- Tom Dawson
- 15 November 2007
French writer/director Michel Spinosa’s Anna M is a psychological thriller which blends the clinical and the mystical in its portrait of a female erotomaniac. A rare book restorer at Paris’s Bibliotheque Nationale, who still lives with her mother, the shy Anna (Isabelle Carre), encounters Dr Zanevsky (Gilbert Melki) after her botched suicide attempt. Mistaking his professional concern for proof of his romantic desires towards her, she is soon bombarding this happily married man with phone calls, letters and gifts, hanging around outside his apartment, and stalking his wife (Anne Consigny).
The title has echoes of one of Freud’s famous hysterics whose pseudonym was ‘Anna O’, and Spinosa splits up the narrative into four sections, each named after a stage in his heroine’s pathological condition: ‘illumination’, ‘hope’, ‘disappointment’ and ‘hatred’. Interestingly the film draws parallels between religious and sexual devotion: Anna constantly interprets comments, voices and gestures as ‘signs’, and a painting by the biblically-inspired 17th century Spanish artist Zurbaran connects her and Zanevsky’s lives.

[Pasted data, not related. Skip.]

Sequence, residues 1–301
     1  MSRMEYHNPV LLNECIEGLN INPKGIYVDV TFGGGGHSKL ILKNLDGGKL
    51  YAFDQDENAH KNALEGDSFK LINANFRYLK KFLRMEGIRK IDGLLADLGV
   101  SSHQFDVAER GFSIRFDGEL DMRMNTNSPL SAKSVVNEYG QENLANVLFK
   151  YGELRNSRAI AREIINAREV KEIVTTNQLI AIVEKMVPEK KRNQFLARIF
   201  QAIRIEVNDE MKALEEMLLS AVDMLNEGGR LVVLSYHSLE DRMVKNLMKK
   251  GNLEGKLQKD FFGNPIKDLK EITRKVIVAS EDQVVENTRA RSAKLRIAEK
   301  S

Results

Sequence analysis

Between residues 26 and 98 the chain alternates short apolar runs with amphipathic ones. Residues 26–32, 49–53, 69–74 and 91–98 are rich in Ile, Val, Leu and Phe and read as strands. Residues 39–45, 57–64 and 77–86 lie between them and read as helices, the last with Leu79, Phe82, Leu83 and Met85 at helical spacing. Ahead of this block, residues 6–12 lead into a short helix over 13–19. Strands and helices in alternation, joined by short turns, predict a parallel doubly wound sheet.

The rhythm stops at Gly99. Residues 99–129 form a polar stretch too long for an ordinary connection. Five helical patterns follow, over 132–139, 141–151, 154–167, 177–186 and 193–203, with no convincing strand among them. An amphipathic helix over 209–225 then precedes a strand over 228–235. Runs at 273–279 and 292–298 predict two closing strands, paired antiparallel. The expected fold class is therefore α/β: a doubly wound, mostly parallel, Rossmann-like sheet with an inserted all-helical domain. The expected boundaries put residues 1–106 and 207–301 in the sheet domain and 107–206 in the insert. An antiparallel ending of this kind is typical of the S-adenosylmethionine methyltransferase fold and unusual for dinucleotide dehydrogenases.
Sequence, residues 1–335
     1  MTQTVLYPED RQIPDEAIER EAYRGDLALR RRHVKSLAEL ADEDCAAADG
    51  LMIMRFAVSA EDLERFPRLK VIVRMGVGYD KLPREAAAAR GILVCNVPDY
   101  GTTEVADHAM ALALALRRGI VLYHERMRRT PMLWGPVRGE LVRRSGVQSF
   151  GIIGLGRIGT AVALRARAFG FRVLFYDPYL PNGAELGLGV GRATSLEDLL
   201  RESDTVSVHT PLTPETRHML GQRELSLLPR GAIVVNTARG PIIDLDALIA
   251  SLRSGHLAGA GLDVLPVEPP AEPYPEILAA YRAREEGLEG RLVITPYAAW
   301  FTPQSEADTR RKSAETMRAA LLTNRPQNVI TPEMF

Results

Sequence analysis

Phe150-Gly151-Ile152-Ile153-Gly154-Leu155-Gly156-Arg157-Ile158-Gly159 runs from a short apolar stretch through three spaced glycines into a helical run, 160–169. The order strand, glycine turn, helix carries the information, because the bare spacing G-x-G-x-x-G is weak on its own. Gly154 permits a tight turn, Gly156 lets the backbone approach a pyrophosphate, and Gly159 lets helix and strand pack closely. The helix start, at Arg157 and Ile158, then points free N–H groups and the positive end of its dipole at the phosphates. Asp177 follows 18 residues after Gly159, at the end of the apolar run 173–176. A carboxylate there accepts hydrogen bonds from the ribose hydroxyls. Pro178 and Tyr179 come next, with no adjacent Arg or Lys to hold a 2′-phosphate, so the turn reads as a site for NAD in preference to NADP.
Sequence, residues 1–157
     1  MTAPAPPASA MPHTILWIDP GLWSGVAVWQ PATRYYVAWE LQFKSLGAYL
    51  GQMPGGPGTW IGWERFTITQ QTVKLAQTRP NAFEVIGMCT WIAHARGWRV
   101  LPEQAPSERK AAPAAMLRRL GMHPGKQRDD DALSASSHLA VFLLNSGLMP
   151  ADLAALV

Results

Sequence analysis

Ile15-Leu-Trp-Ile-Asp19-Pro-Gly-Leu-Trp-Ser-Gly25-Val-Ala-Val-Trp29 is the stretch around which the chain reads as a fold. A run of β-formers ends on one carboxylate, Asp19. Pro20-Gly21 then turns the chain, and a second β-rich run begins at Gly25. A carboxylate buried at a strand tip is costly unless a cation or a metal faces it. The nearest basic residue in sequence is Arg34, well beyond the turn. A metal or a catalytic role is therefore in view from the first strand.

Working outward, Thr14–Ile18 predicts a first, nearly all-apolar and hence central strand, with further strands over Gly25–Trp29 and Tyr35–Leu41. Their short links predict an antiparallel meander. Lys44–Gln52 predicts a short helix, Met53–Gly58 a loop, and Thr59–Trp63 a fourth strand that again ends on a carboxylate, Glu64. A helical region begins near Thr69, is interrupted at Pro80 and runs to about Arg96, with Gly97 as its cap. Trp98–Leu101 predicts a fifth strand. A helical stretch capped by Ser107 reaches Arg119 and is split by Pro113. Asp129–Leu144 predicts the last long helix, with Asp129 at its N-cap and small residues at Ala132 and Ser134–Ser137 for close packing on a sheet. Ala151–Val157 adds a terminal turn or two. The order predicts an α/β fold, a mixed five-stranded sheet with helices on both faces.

The mise-en-scene amplifies Anna’s feelings of isolation and her experiences of a different reality, with the dimensions of both the hospital courtyards and the national library dwarfing her slender figure. Admittedly, in the second half, Spinosa’s plotting depends on some improbable contrivances, yet throughout Carre gives an impressive performance, and the way she combines her character’s hesitant demeanour and inner conviction is reminiscent of a younger Isabelle Huppert.
GFT, Glasgow, Fri 16–Thu 22 Nov.